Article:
A bit touchy: Plants' insect defenses activated by touch

Apr 09, 2012
Plant growth is affected by touch. Arabidopsis plants that were touched several times each day (right) grew shorter stems than those that were untouched (left). Rice University biologists found that this growth response is controlled by a plant hormone that protects plants from insects and fungal infections. Credit: Wassim Chehab/Rice University

A new study by Rice University scientists reveals that plants can use the sense of touch to fight off fungal infections and insects. The study, which will be published in the April 24 issue of Current Biology, finds that plant defenses are enhanced when plants are touched.

"From previous studies, we knew that change their growth in response to touch but we didn't know how these growth changes were activated," said Wassim Chehab, a faculty fellow in Rice's Department of Biochemistry and Cell Biology and lead author of the new study. "We used a widely studied plant, Arabidopsis thaliana, to test the idea that the touch-induced growth was regulated by a called jasmonate."

Jasmonate plays a critical role in initiating against plant-eating insects. When jasmonate levels go up, the plant increases production of that give herbivores an upset stomach. Jasmonate defenses, which also protect against some , are employed by virtually all plants, including tomatoes, rice and corn. The new study provides the first evidence that these defenses are triggered when plants are touched. In the study, students touched the plants in a laboratory, but the researchers say the touch-induced response could also be activated by animals, including insects, and wind.

Rice University biologists found that plant defenses against leaf-eating herbivores, like this cabbage looper caterpillar, are activated by the plant's sense of touch. CREDIT: Tommy LaVergne/Rice University

"Plants can't move, so it makes sense for them to have a highly developed to react quickly to changes in their environment," said study co-author Janet Braam, professor and chair of Rice's Department of Biochemistry and Cell Biology.

The famed uses its sense of touch to rapidly close and trap insects. But in prior research at Rice, Braam and her colleagues showed that Arabidopsis was also extremely responsive to touch. In 2000, her lab used tools of biotechnology to produce a plant that glowed with light wherever it was touched. They also showed that Arabidopsis plants that were touched regularly grew much shorter and slower -- much like trees exposed to a windy coastline will grow short and bent.

"In this new work, we show that jasmonate mediates this growth response in Arabidopsis," Braam said. "Our experiments show that plants that are repeatedly touched maintain high levels of jasmonate and therefore have enhanced insect and fungal tolerance. In addition, we found that eliminating key genes required for jasmonate production results in the inability of plants to grow shorter and slower when touched."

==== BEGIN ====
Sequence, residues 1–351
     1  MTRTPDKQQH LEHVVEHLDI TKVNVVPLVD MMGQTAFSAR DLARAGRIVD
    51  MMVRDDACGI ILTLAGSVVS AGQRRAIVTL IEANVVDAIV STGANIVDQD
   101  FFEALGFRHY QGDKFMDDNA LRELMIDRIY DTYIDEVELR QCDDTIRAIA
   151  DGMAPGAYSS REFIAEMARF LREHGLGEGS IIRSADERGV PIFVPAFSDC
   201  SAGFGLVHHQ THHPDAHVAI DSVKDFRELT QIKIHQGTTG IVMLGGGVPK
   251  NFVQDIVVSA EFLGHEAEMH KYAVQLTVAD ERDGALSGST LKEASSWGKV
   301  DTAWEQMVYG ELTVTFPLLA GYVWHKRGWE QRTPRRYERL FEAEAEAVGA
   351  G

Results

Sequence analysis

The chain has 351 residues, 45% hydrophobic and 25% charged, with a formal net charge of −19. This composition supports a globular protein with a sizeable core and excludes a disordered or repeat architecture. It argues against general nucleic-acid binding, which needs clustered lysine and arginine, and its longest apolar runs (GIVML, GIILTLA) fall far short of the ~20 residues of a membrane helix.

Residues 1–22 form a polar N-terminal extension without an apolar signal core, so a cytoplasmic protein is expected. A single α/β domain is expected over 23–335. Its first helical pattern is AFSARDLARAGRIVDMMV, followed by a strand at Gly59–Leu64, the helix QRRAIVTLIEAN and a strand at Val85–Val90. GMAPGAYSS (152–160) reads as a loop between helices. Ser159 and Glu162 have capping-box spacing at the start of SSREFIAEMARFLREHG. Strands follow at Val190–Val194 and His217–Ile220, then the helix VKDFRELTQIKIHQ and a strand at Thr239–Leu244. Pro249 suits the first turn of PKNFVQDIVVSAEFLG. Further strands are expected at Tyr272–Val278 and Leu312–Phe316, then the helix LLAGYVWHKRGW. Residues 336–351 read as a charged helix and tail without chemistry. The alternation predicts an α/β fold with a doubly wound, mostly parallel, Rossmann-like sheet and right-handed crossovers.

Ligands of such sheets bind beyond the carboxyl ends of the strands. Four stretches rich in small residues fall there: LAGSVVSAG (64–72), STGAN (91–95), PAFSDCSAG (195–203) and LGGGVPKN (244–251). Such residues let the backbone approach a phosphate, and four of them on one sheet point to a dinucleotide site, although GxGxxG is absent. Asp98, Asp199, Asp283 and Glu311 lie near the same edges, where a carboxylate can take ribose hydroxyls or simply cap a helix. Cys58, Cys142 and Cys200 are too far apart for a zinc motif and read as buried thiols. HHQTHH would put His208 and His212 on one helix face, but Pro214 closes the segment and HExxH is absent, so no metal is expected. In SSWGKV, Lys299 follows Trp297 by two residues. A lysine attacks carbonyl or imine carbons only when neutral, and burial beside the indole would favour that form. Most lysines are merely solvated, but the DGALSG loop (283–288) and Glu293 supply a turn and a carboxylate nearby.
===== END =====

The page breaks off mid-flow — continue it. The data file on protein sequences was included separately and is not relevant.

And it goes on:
Braam and Chehab also found that plants that were touched often, and consequently had high levels of jasmonate, were more resistant to fungal and insect attacks.

Chehab said plants do not base their production of jasmonate on a single source of information.

"There are multiple signals that can influence the jasmonate response," Chehab said. "Touch is one, but we also recently found that this response can be mediated by the plant's internal clock, or circadian rhythm. It's a complicated picture, but by piecing it together, we get a clearer understanding of plant pest resistance."

Explore further: Rare new species of plant: Stachys caroliniana

Related Stories

Researchers JAZ(zed) about plant resistance discovery

Jul 18, 2007

The mystery of how a major plant hormone works to defend plants against invaders has been revealed, thanks to collaborative research efforts by Michigan State University and Washington State University.

Anti-cancer flower power

Aug 25, 2008

Could a substance from the jasmine flower hold the key to an effective new therapy to treat cancer? Prof. Eliezer Flescher of The Sackler Faculty of Medicine, Tel Aviv University thinks so. He and his colleagues have developed ...

Circadian clock controls plant growth hormone

Aug 13, 2007

The plant growth hormone auxin is controlled by circadian rhythms within the plant, UC Davis researchers have found. The discovery explains how plants can time their growth to take advantage of resources such ...

Recommended for you

Rare new species of plant: Stachys caroliniana

Nov 21, 2014

The exclusive club of explorers who have discovered a rare new species of life isn't restricted to globetrotters traveling to remote locations like the Amazon rainforests, Madagascar or the woodlands of the ...

Mysterious glowworm found in Peruvian rainforest

Nov 21, 2014

(Phys.org) —Wildlife photographer Jeff Cremer has discovered what appears to be a new type of bioluminescent larvae. He told members of the press recently that he was walking near a camp in the Peruvian ...

The unknown crocodiles

Nov 21, 2014

Just a few years ago, crocodilians – crocodiles, alligators and their less-known relatives – were mostly thought of as slow, lazy, and outright stupid animals. You may have thought something like that ...

User comments : 0

Please sign in to add a comment. Registration is free, and takes less than a minute. Read more

Click here to reset your password.
Sign in to get notified via email when new comments are made.